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Hershey Felder as Irving Berlin

Theatre Review by Howard Miller - September 5, 2018

Hershey Felder
Photo by Hershey Felder Presents

Pianist, composer, and theatrical storyteller Hershey Felder has carved out a specialized niche for himself with his staged presentations about musical masters, from classicists Frédéric Chopin and Ludwig van Beethoven to our own iconic superstars George Gershwin and Leonard Bernstein. Felder's Maestro, which he brought to 59E59 Theaters a couple of years back, was an intriguing take on Mr. Bernstein, one that highlighted his subject's professional accomplishments while also digging into the psychological profile of a complicated genius. Now 59E59 is host to Hershey Felder As Irving Berlin, a work that is not so much an analysis as it is a loving tribute to America's cherished songwriter and model immigrant-as-patriot.

The show opens on a sitting room in Berlin's Beekman Place townhouse. There is a Christmas tree and strings of lights scattered around, and through the window, we can see it is snowing. It is easy enough to anticipate what happens next, at least for anyone who recalls the annual pilgrimage by carolers who gathered on the street beneath that window to serenade Berlin and his wife of 62 years, the socialite and novelist Ellin Mackay. And sure enough, the first thing we hear is the soft sound of voices singing Berlin's "White Christmas."

But before you get too caught up in the treacle of the moment, you realize something is amiss. Berlin, represented by an empty wheelchair, is 100 years old. His wife has just passed away, and, as Felder relates it, he is a "bitter old curmudgeon" who just wants to be left alone. "They don't deserve [my songs] because they have no idea what they're singing about."

Actually, there are two Irving Berlins onstage. Standing beside the wheelchair is the songwriter at the height of his success. That younger man is the one Felder portrays almost to the very end of the show. He is, for the most part, in chipper spirits and delighted to invite us in so he can tell us his story. More importantly, he wants us to know "what they're singing about" by explaining how he was inspired to compose some 1,500 songs. Many of these are so familiar to us that he has us sing along to a couple for which he rightly assumes he will not have to prompt us with the words.

With so many tunes to choose from, Felder cannot fully evade the "And then I wrote" syndrome. During the course of the evening, he offers up more than two dozen songs, from "Always," which Berlin composed as a wedding gift to Ellin, to his earliest successes like "Russian Lullaby," a tribute to his cantor father; and "Marie from Sunny Italy," meant to appeal to the Italian customers at the restaurant where he worked as a singing waiter. Among the others, we also get some he wrote for Fred Astaire films ("Puttin' On The Ritz," "Cheek to Cheek") and for Ethel Merman (Broadway's "Annie Get Your Gun" and "Call Me Madam").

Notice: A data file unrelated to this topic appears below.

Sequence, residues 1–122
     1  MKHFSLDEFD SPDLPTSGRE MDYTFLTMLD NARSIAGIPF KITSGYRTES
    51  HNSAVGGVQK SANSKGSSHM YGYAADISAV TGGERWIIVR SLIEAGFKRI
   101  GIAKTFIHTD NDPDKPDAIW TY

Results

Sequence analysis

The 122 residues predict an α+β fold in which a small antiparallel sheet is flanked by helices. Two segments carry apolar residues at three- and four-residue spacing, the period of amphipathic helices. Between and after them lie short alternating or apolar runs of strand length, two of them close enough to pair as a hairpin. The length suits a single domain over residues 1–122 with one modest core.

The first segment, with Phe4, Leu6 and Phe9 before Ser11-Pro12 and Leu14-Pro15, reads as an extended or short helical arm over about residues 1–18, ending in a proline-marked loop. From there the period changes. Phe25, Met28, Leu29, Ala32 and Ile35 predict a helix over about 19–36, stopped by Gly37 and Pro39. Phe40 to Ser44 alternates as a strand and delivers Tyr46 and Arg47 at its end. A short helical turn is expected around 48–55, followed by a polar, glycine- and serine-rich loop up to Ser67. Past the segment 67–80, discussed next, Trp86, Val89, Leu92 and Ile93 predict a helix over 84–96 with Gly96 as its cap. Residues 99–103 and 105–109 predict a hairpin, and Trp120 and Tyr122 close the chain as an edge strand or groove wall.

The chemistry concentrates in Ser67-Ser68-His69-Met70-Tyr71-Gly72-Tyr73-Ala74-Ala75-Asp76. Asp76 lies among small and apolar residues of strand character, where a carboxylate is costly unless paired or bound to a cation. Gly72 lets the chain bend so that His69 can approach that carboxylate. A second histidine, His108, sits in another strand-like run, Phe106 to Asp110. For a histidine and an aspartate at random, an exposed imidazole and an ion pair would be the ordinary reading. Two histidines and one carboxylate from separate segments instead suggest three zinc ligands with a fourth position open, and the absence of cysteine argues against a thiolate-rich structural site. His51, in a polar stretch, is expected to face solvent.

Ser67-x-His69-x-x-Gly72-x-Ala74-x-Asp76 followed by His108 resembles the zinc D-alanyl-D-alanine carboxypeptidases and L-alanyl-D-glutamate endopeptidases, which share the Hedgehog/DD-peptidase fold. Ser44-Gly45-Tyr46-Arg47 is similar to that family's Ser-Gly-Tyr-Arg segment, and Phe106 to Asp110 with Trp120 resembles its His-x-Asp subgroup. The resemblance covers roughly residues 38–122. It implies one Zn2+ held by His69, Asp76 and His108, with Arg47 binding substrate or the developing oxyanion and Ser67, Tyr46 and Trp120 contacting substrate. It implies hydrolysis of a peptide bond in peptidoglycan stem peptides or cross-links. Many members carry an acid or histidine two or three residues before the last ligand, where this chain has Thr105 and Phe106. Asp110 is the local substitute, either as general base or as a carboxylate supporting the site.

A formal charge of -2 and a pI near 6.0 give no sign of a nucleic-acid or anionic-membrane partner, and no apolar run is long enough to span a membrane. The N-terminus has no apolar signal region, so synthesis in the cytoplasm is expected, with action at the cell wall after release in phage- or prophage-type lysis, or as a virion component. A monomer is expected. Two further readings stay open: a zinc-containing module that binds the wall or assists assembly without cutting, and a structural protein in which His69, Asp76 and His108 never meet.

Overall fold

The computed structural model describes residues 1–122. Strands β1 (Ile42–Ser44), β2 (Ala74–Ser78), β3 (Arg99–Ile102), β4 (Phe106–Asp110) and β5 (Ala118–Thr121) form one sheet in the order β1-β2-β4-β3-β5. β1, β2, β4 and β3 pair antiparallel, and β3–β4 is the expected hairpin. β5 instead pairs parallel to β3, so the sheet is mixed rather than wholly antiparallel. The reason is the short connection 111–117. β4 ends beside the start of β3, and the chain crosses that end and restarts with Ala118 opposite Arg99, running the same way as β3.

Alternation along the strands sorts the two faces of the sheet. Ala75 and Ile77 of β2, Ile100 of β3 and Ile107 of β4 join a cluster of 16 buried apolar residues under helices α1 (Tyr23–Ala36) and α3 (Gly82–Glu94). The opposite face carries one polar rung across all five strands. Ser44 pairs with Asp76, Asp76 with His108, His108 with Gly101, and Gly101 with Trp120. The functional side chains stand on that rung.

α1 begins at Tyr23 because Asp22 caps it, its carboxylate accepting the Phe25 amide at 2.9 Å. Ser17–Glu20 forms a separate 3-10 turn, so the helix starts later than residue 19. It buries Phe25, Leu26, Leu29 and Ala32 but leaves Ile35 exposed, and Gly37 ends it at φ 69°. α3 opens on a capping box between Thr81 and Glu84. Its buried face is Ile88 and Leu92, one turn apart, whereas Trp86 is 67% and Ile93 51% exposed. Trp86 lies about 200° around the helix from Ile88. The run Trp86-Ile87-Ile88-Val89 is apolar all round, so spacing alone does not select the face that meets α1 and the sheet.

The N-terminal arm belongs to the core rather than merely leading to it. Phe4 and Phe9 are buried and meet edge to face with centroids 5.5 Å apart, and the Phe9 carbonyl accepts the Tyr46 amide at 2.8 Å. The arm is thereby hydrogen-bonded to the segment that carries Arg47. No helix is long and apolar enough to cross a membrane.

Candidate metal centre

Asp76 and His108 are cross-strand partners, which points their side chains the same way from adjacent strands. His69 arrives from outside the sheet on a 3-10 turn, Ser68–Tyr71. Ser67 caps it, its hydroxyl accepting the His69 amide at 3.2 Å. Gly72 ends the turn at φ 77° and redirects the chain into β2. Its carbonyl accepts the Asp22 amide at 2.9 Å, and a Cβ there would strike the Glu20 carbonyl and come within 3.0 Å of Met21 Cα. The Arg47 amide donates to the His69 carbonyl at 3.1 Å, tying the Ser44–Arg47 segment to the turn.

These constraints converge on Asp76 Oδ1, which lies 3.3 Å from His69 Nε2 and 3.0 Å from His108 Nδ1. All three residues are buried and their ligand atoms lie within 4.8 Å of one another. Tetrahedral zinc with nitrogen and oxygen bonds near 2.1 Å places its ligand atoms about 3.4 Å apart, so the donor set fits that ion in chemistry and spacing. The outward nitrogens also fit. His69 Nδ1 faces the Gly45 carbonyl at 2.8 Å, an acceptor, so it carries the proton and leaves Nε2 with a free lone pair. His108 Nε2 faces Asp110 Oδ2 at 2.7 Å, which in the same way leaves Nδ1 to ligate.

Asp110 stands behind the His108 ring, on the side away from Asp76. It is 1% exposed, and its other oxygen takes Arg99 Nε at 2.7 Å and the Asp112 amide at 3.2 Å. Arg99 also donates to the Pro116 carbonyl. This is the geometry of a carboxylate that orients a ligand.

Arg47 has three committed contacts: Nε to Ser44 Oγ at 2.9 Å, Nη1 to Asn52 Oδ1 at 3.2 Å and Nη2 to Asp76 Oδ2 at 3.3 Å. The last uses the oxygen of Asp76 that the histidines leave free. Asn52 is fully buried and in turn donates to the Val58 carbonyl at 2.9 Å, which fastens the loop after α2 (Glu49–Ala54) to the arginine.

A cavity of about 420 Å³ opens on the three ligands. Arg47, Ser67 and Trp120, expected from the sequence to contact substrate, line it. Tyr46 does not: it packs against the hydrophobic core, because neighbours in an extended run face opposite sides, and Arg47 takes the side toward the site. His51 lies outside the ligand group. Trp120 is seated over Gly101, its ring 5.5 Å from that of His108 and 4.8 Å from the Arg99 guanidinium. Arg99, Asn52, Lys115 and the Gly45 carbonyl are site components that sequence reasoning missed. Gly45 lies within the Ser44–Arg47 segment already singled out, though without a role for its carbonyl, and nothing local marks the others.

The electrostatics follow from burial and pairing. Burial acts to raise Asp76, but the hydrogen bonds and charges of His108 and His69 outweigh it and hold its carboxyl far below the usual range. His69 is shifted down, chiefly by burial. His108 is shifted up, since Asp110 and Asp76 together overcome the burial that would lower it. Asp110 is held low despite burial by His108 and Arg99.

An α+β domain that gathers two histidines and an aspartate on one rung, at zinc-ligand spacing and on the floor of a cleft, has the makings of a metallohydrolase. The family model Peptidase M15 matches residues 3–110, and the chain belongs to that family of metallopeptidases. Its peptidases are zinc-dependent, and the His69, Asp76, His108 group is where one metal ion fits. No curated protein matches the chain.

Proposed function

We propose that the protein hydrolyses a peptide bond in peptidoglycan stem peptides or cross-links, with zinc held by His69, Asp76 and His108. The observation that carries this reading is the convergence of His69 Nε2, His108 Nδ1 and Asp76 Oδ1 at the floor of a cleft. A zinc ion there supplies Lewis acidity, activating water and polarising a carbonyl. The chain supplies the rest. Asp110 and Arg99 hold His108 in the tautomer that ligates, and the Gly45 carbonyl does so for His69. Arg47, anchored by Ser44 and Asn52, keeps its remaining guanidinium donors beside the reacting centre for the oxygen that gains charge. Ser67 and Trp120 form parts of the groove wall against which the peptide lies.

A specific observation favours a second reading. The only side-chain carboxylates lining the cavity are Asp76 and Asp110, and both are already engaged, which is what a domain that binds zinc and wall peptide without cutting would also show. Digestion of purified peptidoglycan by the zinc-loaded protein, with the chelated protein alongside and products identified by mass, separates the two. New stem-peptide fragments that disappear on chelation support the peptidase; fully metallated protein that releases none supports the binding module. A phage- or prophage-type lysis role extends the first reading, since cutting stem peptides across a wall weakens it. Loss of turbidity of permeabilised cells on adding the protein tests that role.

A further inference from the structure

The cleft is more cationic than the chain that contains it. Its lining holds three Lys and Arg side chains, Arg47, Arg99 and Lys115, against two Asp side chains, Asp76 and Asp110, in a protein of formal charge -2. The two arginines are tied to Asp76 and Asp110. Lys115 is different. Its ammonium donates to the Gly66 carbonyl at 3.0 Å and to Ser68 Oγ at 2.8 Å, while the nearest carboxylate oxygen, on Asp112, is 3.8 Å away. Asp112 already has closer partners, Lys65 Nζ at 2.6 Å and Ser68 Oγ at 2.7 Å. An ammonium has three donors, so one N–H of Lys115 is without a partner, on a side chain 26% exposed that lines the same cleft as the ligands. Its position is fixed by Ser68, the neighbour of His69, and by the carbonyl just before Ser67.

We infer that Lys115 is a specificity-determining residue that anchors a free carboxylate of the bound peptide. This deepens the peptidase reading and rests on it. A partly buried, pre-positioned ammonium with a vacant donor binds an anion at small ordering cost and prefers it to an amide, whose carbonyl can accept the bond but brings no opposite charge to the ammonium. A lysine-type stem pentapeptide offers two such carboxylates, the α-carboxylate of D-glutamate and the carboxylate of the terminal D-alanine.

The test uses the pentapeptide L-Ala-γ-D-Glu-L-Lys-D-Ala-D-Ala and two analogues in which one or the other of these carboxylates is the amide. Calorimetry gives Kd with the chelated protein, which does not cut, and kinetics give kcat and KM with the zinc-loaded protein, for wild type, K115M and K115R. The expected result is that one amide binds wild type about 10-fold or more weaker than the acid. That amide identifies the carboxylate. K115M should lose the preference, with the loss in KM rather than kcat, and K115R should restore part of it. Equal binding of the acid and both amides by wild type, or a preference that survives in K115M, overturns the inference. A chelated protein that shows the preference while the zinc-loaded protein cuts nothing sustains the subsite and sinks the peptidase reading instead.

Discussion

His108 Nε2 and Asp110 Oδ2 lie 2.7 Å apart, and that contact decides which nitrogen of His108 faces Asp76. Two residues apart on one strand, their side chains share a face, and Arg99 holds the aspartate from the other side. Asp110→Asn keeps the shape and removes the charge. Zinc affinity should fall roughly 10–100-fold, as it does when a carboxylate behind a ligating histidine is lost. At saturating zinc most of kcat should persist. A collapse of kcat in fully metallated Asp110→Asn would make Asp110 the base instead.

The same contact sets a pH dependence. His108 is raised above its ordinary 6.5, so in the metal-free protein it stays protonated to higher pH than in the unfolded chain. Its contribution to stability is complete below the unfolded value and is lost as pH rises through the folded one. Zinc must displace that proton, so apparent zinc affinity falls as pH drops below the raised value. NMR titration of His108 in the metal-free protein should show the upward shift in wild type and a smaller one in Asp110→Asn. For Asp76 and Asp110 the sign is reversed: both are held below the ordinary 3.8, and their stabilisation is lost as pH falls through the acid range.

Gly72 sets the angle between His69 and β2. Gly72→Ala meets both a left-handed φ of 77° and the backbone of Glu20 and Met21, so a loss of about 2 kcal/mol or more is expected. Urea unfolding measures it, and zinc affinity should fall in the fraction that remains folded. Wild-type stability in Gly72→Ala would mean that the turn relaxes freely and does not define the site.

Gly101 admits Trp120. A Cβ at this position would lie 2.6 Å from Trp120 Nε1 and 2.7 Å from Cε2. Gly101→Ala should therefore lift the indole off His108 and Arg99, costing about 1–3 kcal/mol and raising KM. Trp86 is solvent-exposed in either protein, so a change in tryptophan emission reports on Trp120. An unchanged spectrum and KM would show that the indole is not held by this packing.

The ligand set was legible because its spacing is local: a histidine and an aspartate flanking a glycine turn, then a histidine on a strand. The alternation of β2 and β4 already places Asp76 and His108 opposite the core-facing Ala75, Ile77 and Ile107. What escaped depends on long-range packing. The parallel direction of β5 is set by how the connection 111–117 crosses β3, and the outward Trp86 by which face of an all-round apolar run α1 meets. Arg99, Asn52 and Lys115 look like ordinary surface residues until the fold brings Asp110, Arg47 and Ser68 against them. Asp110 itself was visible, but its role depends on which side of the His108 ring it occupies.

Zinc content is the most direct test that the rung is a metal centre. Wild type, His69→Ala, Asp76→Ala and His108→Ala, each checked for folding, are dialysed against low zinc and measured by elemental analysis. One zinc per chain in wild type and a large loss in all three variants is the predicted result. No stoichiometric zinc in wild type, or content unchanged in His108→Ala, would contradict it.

Felder is an enthusiastic if not the most polished of singers, but then, neither was Berlin, who you can find via an easy Internet search performing his World War I salute to tired Doughboys everywhere, "Oh, How I Hate to Get Up in the Morning." To my ear, Felder is at his best when he moves away from his baby grand piano and his virtuoso arrangements of the Berlin repertoire, and stands quietly downstage to sing an unaccompanied medley. It is than that you can best appreciate the blend of music and lyrics of standards like "How Deep Is The Ocean?" and "Steppin' Out With My Baby." There also are a number of enjoyable projections of film clips with songs performed by Fred Astaire, Al Jolson ("Blue Skies") and a few others. More like these would enhance the two-hour intermissionless production by making it more about Berlin and less about Felder-as-Berlin.

Unfortunately, we don't get to know nearly as much about Berlin the man as we do about Berlin the composer. Beyond the songs and the stories of their creation, beyond the snippets of biography and the anecdotes, we are largely left to our own devices to discern what drove him. In Felder's interpretation, at least, he comes off as a self-starter who left home at the age of 13 after his father died, a night owl driven to write songs from a personal perspective on his life in his adopted land. His famous patriotic song "God Bless America," for instance, contains the words, "Land that I love." That "I" is very important to Berlin. Like the songs he wrote for his family, it has an intimate meaning. If anything, that is the message Felder wants us to take with us.

Whether you view Berlin's music as timeless or old-fashioned or somewhere in between, there is the ring of truth to what the composer expresses as his raison d'être in the final words of the show: "I wrote for love. I wrote for my country. I wrote for my darling Ellin. I wrote for our beautiful children. But above all, I wrote for you."

Hershey Felder as Irving Berlin
Through October 28
59E59 Theaters - Theater A, 59 East 59th Street between Madison and Park Avenues
Tickets online and current Performance Schedule: TicketCentral

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